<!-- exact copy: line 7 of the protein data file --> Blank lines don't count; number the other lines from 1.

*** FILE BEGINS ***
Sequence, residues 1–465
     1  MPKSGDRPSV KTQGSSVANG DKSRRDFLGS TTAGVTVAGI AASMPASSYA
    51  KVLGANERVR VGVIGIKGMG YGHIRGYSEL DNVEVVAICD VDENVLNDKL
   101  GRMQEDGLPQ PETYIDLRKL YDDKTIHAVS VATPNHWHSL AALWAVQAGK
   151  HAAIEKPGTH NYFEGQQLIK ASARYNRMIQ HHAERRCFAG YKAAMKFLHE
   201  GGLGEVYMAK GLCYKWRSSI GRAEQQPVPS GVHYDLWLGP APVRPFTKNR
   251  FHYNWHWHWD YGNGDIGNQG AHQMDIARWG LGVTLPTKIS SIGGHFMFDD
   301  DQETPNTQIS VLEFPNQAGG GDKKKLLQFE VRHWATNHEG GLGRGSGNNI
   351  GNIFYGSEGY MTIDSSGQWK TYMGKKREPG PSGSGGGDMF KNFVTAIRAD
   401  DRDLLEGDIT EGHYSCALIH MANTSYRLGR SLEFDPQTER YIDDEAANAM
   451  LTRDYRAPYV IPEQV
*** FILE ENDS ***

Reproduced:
   251  FHYNWHWHWD YGNGDIGNQG AHQMDIARWG LGVTLPTKIS SIGGHFMFDD